When microbes are faced with an environmental challenge or opportunity, pre-existing enzymes with promiscuous secondary activities can be recruited to provide newly important catalytic functions. Mutations that increase the efficiency of a new activity often compromise the original activity, resulting in an inefficient bifunctional enzyme. Under such conditions, duplication/amplification of the gene encoding the “weak-link” enzyme can increase its expression and consequently increase fitness. Mutations that occur in various copies of the gene can improve the level of one or the other of the essential activities. As improved enzymes evolve, the number of gene copies will decrease, leading ultimately to a pair of genes encoding specialized enzymes. The existence of large superfamilies of enzymes attests to the importance of this process. However, the dynamics of the process itself are poorly understood.
We are examining the process of gene duplication/amplification and divergence in the case of E. coli E383A ProA, which can serve the functions of both ProA (essential for proline biosynthesis) and ArgC (essential for arginine biosynthesis), albeit poorly (see Fig. 1). Since both activities are essential for growth on glucose, E383A ProA is the ‘weak-link” enzyme that limits growth rate in a strain that lacks argC. We have previously shown that growth rate can be increased by massive gene amplification, by point mutations in the promoter, and by a synonymous mutation in the upstream gene in the operon that creates a new transcriptional start site for the gene encoding E383A ProA (see Fig. 2). The goal of our NAI project is to follow the appearance of mutations in various alleles of an amplified array and to characterize the encoded enzymes throughout the process of divergence to two specialized enzymes.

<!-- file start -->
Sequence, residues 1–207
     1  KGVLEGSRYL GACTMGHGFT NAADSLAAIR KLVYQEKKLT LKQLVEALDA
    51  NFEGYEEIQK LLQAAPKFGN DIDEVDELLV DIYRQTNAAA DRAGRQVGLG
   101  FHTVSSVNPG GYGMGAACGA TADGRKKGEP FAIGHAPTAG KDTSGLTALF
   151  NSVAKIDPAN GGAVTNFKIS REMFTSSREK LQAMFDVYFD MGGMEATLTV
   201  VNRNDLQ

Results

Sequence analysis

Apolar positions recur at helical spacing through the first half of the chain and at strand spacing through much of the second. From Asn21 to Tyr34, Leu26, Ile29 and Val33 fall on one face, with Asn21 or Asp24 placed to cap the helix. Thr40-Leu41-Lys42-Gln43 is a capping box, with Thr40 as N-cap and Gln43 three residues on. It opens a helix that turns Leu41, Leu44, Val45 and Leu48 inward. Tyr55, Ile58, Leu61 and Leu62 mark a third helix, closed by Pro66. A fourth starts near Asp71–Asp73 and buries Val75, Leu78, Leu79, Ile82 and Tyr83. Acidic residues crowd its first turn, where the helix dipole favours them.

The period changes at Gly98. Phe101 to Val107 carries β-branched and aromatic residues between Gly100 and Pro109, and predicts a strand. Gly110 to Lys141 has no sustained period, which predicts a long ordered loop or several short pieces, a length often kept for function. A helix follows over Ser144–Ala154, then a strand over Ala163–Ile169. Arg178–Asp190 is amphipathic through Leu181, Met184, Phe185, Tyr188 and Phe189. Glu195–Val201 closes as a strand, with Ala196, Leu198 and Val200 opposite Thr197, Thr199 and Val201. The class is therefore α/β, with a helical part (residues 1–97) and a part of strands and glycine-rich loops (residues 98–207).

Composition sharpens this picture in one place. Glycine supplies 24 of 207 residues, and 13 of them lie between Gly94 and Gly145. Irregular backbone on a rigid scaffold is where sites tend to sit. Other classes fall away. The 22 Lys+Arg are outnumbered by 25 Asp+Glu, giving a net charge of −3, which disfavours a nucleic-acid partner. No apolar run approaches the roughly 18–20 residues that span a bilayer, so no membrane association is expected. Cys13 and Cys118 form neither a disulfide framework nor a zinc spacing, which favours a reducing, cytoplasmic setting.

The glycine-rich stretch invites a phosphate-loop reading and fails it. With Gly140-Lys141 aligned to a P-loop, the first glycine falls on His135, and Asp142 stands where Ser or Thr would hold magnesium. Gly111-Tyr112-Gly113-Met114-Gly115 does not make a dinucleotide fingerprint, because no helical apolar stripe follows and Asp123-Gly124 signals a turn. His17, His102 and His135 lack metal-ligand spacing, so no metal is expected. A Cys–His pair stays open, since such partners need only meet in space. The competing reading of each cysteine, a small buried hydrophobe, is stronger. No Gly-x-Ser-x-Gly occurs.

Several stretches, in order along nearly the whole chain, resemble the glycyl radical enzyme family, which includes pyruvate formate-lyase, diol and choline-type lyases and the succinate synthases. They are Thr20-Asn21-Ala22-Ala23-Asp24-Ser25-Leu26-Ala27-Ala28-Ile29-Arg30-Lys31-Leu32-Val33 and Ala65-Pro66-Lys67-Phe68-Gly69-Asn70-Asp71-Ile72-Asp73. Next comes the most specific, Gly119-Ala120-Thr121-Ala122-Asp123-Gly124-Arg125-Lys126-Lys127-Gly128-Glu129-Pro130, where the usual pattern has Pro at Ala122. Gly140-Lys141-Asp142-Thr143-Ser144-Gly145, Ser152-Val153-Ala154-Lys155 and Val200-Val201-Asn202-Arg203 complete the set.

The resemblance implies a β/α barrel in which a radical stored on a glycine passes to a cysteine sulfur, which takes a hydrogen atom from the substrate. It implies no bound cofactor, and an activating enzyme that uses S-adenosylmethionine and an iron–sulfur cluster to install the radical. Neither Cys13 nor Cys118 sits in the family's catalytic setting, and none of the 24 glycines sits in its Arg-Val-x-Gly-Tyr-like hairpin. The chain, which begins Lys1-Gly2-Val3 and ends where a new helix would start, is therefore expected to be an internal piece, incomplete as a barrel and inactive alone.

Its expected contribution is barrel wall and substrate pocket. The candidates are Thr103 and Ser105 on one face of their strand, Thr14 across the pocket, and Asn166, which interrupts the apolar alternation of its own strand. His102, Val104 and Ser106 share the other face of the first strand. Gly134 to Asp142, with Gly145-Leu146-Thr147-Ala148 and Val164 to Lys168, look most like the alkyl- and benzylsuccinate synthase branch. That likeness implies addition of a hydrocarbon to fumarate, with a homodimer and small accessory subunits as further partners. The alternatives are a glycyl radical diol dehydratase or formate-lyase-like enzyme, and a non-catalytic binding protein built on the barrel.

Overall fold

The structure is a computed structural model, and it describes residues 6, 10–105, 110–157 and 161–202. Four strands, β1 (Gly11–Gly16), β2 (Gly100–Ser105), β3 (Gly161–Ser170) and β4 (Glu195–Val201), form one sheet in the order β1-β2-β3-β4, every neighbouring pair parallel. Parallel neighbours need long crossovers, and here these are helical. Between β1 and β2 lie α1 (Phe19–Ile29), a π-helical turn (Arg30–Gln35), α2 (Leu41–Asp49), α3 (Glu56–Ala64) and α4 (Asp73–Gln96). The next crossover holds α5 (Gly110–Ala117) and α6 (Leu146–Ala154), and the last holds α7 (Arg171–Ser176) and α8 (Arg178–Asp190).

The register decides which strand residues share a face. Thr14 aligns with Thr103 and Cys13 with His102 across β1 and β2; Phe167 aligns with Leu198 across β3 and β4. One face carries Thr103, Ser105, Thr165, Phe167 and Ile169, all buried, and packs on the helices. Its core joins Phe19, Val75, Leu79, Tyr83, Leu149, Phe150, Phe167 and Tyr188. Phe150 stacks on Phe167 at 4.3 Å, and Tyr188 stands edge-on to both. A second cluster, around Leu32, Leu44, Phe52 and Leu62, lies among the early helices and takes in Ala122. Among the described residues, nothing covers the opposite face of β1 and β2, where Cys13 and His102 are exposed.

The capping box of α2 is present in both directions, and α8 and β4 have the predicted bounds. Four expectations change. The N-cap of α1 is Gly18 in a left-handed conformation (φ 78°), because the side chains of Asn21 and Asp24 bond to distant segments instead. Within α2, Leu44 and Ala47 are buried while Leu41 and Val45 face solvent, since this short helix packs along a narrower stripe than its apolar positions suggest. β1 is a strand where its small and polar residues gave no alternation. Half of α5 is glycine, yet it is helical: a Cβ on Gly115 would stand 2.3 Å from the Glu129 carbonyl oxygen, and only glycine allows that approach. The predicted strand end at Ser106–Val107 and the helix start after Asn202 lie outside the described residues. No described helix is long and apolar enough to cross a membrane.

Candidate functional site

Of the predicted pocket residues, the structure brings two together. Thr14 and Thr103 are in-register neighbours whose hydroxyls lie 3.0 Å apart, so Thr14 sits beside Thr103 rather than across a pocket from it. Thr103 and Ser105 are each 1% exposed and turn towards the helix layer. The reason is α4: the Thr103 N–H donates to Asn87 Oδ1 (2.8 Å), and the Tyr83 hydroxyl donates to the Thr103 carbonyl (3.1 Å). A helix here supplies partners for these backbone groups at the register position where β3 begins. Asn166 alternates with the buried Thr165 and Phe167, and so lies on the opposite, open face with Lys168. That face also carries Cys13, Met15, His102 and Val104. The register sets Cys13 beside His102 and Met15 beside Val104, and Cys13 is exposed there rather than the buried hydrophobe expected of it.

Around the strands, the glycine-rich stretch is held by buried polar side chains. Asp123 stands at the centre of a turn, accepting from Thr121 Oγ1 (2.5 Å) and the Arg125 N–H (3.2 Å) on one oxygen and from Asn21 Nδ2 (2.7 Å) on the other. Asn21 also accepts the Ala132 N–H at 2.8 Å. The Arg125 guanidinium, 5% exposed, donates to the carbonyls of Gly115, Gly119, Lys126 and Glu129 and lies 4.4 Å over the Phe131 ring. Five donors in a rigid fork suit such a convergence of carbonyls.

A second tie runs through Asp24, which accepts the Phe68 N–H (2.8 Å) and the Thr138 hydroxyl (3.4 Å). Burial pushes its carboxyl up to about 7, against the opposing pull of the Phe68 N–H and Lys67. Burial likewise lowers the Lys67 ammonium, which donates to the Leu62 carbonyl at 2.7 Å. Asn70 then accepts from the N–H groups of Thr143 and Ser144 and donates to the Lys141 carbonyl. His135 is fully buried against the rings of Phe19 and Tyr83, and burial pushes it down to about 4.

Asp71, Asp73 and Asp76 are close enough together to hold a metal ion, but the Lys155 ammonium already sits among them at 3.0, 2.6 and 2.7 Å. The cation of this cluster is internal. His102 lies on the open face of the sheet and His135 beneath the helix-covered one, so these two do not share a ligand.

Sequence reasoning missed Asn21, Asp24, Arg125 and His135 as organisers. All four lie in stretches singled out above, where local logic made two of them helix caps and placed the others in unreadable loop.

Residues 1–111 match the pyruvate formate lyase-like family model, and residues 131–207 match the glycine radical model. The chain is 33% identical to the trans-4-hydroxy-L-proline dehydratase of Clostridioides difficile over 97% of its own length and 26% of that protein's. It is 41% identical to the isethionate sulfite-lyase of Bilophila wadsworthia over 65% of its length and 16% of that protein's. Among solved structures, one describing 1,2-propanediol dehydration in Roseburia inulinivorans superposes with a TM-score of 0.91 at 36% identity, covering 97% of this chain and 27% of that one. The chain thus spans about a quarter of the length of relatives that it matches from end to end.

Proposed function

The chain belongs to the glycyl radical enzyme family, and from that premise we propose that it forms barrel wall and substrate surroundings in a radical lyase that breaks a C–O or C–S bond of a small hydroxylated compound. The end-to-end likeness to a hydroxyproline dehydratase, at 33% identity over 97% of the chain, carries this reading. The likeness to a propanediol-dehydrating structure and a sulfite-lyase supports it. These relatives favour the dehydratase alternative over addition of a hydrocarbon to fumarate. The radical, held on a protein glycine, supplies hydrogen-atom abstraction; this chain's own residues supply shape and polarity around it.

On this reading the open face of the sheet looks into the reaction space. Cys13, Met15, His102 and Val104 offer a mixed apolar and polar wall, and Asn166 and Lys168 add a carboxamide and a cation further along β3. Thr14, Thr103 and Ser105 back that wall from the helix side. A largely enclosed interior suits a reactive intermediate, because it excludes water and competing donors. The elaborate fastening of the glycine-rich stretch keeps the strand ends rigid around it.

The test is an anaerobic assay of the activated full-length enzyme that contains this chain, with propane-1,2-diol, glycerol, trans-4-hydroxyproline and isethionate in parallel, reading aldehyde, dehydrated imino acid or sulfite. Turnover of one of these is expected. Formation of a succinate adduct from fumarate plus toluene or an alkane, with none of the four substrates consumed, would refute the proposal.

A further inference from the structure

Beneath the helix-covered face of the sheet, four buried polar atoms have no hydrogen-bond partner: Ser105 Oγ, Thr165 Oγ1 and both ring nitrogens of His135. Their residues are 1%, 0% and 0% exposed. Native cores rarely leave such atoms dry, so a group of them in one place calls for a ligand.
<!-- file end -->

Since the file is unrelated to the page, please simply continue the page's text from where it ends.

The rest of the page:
During the past year, we have made progress on this study in several directions.
1) Dr. Juhan Kim and graduate student Andrew Morgenthaler have shown that strains promoter mutations or the synonymous mutation that creates a new transcriptional start site do not preculde gene amplification, although fewer copies are accumulated compared to the parental strain (which lacks argC and carried the allele encoding E383A ProA).